The Kremlin's dour candidate for Moscow mayor may have shunned debates and meeting his electorate face to face, but he broke unexpectedly into song Friday in a bid get supporters out to vote.
The incumbent mayor, Sergey Sobyanin, who just a day earlier cancelled a planned live televised
question and answer session with Muscovites, decided to sing to them instead on Avtoradio station, popular with drivers for its frequent traffic updates.
"Put your mark on the ballot paper — before it's too late, before it's too late," sang the enthusiastic host as Sobyanin nodded uncomfortably to the music wearing huge headphones, waiting for the right moment to sing the refrain.
"We shall choose the mayor," he unmusically inserted in chorus. "Yes! Yes! Yes!" the hosts joyfully replied with smiles and fist pumps.
"Shall we stay at home?" Sobyanin, a technocrat known for his lack of charisma, sang in a monotone with a guitarist visible behind him. "No! No! No!"
The song followed about 50 minutes of discussion about the city's problems and was meant to highlight the "importance of the elections," the host explained. The polls are scheduled for September 8.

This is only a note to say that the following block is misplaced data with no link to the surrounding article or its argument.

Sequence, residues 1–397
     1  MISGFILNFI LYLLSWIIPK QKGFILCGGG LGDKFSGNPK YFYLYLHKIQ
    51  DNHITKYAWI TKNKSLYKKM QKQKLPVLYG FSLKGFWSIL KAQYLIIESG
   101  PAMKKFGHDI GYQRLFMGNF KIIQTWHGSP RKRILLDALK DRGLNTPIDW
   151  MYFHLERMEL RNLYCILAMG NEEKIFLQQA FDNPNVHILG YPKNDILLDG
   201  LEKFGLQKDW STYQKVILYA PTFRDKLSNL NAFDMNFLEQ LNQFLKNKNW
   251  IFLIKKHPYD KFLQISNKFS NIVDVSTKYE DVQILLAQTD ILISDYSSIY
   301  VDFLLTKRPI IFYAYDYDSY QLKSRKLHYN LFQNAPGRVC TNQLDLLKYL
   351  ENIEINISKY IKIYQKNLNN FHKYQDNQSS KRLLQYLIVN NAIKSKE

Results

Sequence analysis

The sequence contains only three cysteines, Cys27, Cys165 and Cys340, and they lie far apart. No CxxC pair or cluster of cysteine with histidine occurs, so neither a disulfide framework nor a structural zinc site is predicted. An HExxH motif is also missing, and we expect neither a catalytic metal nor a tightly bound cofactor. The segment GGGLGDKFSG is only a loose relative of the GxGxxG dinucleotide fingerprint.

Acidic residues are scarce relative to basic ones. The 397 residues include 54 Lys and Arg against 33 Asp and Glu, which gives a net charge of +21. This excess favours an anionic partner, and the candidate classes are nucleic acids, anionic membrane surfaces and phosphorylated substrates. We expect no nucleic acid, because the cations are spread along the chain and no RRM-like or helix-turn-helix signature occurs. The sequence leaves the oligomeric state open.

The programme was immediately ridiculed by Sobyanin's main opponent, protest leader Alexei Navalny, who had complained earlier this month that Avtoradio rejected airing his political ads despite a signed contract.
"Watch with caution," Navalny wrote posting the video on his blog, "you may bleed from the eyes."
On Avtoradio's Facebook page, people were not impressed, accusing the station of trying to curry favour with the mayor. "Shame on you!" one listener wrote.
"The deer herder is out of tune," wrote another, somewhat unkindly. Sobyanin is originally from the Khanty-Mansi district in the far north, where reindeer herding is a traditional livelihood of indigenous Khanty and Mansi people.
Murzilki Live is a morning programme hosted by a music band that sings parodies of Russian pop hits.
The song "Before It's Too Late" that they parodied with Sobyanin was a Soviet hit originally composed to protest the deployment of US Pershing II missiles in Europe in the 1980s.
The original words were: "To a sunny world -- Yes! Yes! Yes! To a nuclear blast -- No! No! No!"
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